Whatever questions we may have about the reason behind our pain, Christians can’t possibly conclude that God is aloof from suffering, that He doesn’t care about evil, or that He hasn’t done anything about it. Today, Barry Cooper presents three truths that help us trust in the goodness of God when facing the darkness of this world.
Stephen Fry, a popular comedian in the U.K., caused a stir a few years back when he was interviewed on TV.
“Suppose it’s all true,” said the interviewer, “and you walk up to the pearly gates, and you are confronted by God. What will Stephen Fry say to Him, her, or it?”
Fry replied: “I’d say, bone cancer in children? What’s that about? How dare You create a world in which there is such misery that is not our fault? It’s not right. It’s utterly, utterly evil. Why should I respect a capricious, mean-minded, stupid God who creates a world which is so full of injustice and pain?”
Often, in situations like this, believers feel honor-bound to speak up on God’s behalf. In the words of the poet John Milton, they seek to “justify the ways of God to men.” To try to explain why this kind of evil exists in the world, given that God is good, loving, and all-powerful.
This is what is known as a “theodicy,” which is a combination of two Greek words smooshed together: theo being the Greek word for God, and dikaios meaning justification. So a theodicy is a “God-justification.”
Stephen Fry isn’t the first to raise this issue, of course. For centuries, philosophers have talked about “the problem of evil.” It goes like this. Given the indisputable existence of evil in the world—bone cancer in children, for example—God is either powerless to do anything, in which case He’s not God. Or He does have the power to do something but refuses to do so, in which case He’s not good. Either way, the argument goes, the biblical claim that God is both all-powerful and all-good is absurd and untenable.
It’s important to say first of all that although the problem of evil is a significant problem for believers to address, it’s a much bigger problem for nonbelievers. Because to even talk coherently about such a thing as evil requires moral absolutes, grounded in some transcendent truth. Without that, how can we judge whether something is “evil” or that something is “good”? All we would have in the universe are things which happen. No right, no wrong; just things happening.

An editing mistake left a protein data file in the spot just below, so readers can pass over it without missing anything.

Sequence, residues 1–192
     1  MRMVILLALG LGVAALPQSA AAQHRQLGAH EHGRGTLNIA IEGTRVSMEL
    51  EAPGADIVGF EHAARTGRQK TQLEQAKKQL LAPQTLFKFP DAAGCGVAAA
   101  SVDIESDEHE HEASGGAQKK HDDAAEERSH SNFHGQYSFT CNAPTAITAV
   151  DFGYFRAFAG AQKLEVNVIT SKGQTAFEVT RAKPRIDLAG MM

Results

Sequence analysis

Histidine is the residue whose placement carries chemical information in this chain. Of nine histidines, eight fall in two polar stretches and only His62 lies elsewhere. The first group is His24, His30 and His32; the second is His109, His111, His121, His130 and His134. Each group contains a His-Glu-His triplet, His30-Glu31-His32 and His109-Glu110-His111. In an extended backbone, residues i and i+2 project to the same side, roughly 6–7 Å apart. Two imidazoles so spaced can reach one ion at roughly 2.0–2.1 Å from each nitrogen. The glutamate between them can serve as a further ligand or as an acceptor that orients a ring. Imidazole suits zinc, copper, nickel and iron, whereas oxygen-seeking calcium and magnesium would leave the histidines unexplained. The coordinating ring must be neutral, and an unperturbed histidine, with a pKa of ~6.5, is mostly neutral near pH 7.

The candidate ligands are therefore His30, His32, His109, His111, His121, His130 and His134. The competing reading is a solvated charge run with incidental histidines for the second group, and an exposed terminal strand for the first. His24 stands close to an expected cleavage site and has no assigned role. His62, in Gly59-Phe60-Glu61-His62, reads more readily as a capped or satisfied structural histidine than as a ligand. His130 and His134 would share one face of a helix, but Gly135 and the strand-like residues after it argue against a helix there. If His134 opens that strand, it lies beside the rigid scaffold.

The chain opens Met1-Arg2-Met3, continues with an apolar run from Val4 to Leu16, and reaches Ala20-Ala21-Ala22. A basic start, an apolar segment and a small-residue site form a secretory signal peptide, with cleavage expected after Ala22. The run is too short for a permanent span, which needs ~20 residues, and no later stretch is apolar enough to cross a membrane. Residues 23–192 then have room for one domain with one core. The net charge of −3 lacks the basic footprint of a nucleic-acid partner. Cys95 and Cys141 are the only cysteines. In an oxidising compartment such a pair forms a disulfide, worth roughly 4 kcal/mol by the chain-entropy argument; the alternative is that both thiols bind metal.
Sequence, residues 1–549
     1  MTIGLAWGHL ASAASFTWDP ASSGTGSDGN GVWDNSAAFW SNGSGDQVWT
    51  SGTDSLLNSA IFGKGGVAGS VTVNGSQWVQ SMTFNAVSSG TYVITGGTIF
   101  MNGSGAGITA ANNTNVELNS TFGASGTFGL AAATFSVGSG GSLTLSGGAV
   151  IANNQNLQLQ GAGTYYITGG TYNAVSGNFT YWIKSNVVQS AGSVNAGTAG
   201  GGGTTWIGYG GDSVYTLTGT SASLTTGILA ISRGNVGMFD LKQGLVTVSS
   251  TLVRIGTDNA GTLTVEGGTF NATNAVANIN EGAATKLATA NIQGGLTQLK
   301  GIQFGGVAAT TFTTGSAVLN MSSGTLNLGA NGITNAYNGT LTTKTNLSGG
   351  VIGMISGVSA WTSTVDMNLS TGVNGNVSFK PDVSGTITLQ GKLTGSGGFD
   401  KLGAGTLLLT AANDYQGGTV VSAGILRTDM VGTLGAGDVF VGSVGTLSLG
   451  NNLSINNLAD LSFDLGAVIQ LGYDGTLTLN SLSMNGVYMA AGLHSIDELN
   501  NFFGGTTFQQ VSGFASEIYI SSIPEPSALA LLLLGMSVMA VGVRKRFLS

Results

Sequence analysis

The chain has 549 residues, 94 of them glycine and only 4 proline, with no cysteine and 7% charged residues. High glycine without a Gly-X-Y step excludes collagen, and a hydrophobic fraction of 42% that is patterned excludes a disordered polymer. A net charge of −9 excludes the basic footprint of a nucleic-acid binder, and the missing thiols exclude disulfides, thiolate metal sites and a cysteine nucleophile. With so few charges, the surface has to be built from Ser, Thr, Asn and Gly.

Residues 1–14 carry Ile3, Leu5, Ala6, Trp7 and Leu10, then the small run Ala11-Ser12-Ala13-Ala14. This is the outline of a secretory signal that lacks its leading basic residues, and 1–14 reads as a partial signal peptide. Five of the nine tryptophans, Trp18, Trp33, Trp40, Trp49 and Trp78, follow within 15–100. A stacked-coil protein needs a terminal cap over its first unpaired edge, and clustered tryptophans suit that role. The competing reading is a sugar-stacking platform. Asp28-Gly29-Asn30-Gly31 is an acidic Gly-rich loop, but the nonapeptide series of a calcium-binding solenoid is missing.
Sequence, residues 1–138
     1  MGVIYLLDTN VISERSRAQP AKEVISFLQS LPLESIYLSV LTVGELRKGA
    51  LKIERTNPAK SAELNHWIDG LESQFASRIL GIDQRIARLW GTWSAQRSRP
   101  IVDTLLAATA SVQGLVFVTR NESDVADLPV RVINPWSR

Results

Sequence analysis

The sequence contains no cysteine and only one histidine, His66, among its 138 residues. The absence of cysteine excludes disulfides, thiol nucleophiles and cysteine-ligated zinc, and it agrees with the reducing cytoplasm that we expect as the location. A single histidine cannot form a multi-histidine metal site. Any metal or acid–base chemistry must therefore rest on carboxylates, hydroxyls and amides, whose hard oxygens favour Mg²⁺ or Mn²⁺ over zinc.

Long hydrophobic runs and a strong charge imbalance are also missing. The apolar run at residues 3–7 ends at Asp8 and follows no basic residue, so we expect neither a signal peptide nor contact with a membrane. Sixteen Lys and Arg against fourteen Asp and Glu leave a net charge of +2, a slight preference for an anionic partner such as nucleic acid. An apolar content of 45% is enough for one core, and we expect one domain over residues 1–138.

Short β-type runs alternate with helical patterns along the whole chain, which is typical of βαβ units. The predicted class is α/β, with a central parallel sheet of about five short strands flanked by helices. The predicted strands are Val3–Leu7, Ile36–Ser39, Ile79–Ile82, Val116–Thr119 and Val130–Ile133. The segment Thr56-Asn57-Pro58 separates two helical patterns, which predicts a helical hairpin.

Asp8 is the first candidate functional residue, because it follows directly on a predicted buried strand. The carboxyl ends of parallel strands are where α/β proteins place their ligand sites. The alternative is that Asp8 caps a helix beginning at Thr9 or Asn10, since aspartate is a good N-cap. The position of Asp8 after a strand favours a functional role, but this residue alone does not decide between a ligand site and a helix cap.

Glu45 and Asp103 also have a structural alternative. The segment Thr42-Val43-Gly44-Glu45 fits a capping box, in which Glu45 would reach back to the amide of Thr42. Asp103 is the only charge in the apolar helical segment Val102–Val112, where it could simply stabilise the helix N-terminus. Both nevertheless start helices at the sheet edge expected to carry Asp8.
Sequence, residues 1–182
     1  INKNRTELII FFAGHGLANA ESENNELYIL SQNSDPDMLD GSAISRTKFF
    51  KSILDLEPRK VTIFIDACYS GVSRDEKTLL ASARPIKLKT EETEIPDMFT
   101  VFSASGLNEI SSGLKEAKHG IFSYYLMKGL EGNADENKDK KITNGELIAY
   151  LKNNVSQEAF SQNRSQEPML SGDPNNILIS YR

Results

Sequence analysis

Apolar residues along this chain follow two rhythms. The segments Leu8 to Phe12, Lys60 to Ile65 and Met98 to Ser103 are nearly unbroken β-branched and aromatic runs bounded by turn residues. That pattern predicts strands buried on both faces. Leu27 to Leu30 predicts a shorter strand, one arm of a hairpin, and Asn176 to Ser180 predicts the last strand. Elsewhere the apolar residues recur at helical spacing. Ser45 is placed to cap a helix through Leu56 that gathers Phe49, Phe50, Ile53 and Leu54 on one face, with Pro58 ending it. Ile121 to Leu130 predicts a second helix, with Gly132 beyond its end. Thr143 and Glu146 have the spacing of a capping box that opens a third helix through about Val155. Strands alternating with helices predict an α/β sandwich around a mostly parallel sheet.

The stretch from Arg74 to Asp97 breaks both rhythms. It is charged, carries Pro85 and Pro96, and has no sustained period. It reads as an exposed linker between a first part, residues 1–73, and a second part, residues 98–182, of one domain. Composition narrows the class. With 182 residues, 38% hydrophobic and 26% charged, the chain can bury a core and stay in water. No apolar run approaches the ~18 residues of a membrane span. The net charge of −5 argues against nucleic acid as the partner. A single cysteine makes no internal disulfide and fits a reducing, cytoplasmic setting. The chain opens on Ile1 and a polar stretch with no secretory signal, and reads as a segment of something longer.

But saying that the problem of evil is bigger for nonbelievers still doesn’t explain why God allows evil.
We might say, “Well, human beings have free will and they’ve rebelled against God, and that’s why we see evil in the world,” but that of course doesn’t explain why evil came to exist in the first place. Why would a good being—like Satan before he fell, or Adam and Eve before they fell—why would a perfectly good being be inclined to choose evil over good? Where did that impulse come from? And why would God permit it?
These are hard things to reflect on, especially if we’re in the midst of suffering ourselves or have had some great evil done to us or have seen evil done to others. And while the Bible does not give us a full answer as to why the good God allows evil to take place, it does have much to say about evil and suffering. For me, there have been three things in particular that have been personally helpful.
The first is that God does not expect us to stoically endure when we’re suffering. In fact, He encourages us to pour out our hearts to Him. When I read Job or the Psalms, for instance, I see multiple examples of God’s people crying out to God, and God’s reassurance that to do so is good and right. There’s no minimizing the pain, pretending it doesn’t exist, or “pull yourself together.” He doesn’t always end suffering immediately, of course—He didn’t for Job—but in preserving these scriptural words for us, God gives us a voice, a vocabulary to use when pain would otherwise be trapped inside us.
The second thing I found helpful is simply to remember my own limited perspective. Often, from my narrow perspective, and especially if I’m in the middle of suffering, I can’t see a purpose in it. But logically, of course, that doesn’t mean that my suffering actually is purposeless. In fact, as I look back on my life, the times when I’ve felt God draw closest to me, when I’ve experienced Him most sweetly, when I’ve been changed by Him most deeply, have been (paradoxically) times of suffering. The Baptist pastor C.H. Spurgeon talked about personal suffering as a kind of prophet, a John the Baptist, roughly clothed, but heralding the immanent closeness of His Lord and Savior. God does have a purpose in allowing suffering, even when we personally do not know what it is.
The third thing that has been helpful for me is seeing that the Bible itself recognizes suffering and evil for what they are: alien impostors that will one day be dealt with. It simply isn’t true to say that God refuses to do anything about it. The Son of God came specifically to overthrow evil and suffering and death in me and in the universe as a whole. And so, I’m not measuring God’s goodness or power or love by fixing my eyes on my suffering but by fixing my eyes on the hill outside Jerusalem where the Son of God suffered for me.
Whatever questions we may have about why evil and suffering exist in a world where God is in control, the cross makes it impossible to conclude either that He is somehow aloof from suffering, that He doesn’t care about it, or that He hasn’t done anything about it.
Bone cancer does not have the last word. Christ does. We may not know why God allowed it in the first place or permits it in the meantime, but we do know this: Christ suffered Himself to deal with evil, and on Christ’s return, evil, suffering, and death itself will finally be put to death.